Labour MP Yvette Cooper, who joined Dubs and the late Rabbi Harry Jacobi when the Dubs Amendment was submitted to Parliament in 2016 said there was “no reason at all” for the “utterly shameful decision”.
Safe Passage, a charity providing legal assistance to child refugees in Europe, accused Mr Johnson’s administration of causing “panic among refugee families”, while the PM’s spokesman told journalists after the Queen’s Speech on Thursday that the Government was “committed to reaching that agreement” with the EU, despite removing the wording from the Brexit Bill.
Thank you for helping to make Jewish News the leading source of news and opinion for the UK Jewish community. Today we're asking for your invaluable help to continue putting our community first in everything we do.
Unlike other Jewish media, we do not charge for content. That won’t change. Because we are free, we rely on advertising to cover our costs. This vital lifeline, which has dropped in recent years, has fallen further due to coronavirus.
For as little as £5 a month you can help sustain the vital work we do in celebrating and standing up for Jewish life in Britain.
Jewish News holds our community together and keeps us connected. Like a synagogue, it’s where people turn to feel part of something bigger. It also proudly shows the rest of Britain the vibrancy and rich culture of modern Jewish life.
You can make a quick and easy one-off or monthly contribution of £5, £10, £20 or any other sum you’re comfortable with.
100% of your donation will help us continue celebrating our community, in all its dynamic diversity...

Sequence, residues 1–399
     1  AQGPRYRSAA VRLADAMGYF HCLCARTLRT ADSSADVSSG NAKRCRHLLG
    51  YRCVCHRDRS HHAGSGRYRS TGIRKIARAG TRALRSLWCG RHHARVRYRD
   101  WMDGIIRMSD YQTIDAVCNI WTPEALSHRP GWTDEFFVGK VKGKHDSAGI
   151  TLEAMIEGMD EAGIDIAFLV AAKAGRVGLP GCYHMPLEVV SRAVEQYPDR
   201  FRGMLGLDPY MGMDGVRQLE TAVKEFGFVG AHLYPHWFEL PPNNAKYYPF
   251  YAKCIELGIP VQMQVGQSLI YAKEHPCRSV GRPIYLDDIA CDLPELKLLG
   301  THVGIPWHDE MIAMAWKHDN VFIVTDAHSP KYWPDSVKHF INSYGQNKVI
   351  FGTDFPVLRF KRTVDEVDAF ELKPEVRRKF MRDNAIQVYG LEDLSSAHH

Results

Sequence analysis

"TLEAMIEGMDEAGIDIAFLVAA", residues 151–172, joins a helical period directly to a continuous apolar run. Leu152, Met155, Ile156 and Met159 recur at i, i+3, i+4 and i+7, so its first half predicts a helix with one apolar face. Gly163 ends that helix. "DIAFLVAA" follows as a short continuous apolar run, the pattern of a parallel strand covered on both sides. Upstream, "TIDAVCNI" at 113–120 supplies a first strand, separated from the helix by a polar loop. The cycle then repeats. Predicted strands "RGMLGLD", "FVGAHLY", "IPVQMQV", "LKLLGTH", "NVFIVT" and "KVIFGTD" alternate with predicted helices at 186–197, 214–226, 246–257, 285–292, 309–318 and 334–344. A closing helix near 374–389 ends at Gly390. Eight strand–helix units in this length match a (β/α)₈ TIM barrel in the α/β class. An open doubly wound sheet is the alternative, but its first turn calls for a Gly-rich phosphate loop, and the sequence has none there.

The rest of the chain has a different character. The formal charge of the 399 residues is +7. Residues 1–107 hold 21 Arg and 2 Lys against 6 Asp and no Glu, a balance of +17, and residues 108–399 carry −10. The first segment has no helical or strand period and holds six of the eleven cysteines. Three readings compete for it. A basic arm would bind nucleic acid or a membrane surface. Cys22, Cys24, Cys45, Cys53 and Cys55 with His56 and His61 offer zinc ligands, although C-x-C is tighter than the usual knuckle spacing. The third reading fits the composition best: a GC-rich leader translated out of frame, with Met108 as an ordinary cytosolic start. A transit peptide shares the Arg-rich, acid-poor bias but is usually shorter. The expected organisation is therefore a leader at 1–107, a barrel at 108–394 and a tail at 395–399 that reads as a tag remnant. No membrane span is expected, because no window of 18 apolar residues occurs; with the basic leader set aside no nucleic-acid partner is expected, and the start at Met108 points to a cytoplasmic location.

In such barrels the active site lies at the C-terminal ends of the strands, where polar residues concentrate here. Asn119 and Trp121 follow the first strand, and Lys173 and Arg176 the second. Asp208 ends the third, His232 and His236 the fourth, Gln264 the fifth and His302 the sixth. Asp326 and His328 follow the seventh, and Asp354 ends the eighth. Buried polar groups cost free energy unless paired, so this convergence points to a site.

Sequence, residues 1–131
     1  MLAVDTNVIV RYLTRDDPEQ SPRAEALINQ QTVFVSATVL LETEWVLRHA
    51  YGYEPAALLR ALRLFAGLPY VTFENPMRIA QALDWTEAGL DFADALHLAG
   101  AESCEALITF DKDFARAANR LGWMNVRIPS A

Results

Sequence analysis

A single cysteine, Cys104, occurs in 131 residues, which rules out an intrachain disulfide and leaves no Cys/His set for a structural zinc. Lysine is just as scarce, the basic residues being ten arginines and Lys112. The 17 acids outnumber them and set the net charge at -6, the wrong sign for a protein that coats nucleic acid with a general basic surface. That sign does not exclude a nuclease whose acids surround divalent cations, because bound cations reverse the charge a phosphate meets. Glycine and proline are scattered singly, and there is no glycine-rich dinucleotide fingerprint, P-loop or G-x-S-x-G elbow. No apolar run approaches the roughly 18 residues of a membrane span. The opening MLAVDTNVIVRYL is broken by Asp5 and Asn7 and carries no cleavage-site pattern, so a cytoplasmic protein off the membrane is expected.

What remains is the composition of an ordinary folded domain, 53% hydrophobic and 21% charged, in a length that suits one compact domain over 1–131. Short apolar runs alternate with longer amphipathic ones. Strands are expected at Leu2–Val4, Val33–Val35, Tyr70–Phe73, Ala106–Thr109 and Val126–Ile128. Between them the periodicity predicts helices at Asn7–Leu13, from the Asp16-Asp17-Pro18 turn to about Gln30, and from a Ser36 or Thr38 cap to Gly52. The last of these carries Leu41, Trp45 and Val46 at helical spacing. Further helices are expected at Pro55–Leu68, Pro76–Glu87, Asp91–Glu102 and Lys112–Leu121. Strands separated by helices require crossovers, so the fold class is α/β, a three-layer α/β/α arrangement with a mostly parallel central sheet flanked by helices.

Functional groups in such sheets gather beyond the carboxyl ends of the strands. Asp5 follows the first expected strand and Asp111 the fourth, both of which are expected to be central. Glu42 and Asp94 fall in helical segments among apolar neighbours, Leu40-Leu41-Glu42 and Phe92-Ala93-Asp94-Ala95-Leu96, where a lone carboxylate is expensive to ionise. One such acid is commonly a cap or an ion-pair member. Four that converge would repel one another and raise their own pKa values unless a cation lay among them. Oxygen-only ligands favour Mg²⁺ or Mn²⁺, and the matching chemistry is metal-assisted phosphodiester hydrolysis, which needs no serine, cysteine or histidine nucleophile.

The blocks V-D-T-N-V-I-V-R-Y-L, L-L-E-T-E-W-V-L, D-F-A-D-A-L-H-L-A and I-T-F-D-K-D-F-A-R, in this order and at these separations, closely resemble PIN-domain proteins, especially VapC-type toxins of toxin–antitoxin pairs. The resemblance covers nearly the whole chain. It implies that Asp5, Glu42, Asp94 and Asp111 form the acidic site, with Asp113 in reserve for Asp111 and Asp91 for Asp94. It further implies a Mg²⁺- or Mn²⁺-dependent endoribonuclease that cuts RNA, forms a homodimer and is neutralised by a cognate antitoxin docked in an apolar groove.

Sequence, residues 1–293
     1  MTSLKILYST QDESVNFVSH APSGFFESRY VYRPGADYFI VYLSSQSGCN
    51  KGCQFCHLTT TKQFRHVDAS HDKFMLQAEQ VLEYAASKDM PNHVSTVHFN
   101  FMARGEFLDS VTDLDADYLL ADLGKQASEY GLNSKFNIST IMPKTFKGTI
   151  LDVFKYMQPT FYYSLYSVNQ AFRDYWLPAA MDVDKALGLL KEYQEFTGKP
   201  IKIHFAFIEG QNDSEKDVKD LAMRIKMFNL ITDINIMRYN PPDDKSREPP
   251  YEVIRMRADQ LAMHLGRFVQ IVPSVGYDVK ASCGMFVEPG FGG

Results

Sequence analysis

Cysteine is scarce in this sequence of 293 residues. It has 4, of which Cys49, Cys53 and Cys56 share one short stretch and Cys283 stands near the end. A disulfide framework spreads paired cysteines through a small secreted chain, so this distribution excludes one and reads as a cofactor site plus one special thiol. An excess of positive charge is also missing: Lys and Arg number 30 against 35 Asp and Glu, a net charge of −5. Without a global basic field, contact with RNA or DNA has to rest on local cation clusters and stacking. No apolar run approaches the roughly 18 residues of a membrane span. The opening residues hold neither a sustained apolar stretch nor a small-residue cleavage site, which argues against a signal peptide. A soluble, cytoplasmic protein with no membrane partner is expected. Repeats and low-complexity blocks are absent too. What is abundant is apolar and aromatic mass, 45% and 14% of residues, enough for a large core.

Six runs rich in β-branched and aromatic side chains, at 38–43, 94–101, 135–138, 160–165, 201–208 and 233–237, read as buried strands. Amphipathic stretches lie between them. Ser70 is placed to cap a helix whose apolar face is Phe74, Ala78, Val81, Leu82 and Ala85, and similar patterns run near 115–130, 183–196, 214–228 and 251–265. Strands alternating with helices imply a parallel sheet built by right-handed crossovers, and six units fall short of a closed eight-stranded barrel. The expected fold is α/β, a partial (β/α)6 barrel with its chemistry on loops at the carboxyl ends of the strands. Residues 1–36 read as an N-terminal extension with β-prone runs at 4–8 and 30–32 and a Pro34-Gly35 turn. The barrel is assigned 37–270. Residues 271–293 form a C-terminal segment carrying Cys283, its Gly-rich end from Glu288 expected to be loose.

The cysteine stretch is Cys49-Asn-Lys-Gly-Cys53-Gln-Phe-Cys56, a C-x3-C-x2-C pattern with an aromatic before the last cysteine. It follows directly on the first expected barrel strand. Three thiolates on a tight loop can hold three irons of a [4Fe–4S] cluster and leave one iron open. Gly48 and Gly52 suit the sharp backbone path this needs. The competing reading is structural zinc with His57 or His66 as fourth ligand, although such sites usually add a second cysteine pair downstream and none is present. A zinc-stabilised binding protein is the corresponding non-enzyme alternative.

Being a community platform means so much more than producing a newspaper and website. One of our proudest roles is media partnering with our invaluable charities to amplify the outstanding work they do to help us all.
There’s no shortage of oys in the world but Jewish News takes every opportunity to celebrate the joys too, through projects like Night of Heroes, 40 Under 40 and other compelling countdowns that make the community kvell with pride.
In the first collaboration between media outlets from different faiths, Jewish News worked with British Muslim TV and Church Times to produce a list of young activists leading the way on interfaith understanding.
Royal Mail issued a stamp honouring Holocaust hero Sir Nicholas Winton after a Jewish News campaign attracted more than 100,000 backers. Jewish News also produces special editions of the paper highlighting pressing issues including mental health and Holocaust remembrance.
In an age when news is readily accessible, Jewish News provides high-quality content free online and offline, removing any financial barriers to connecting people.
Voice of our community to wider society
The Jewish News team regularly appears on TV, radio and on the pages of the national press to comment on stories about the Jewish community. Easy access to the paper on the streets of London also means Jewish News provides an invaluable window into the community for the country at large.
We hope you agree all this is worth preserving.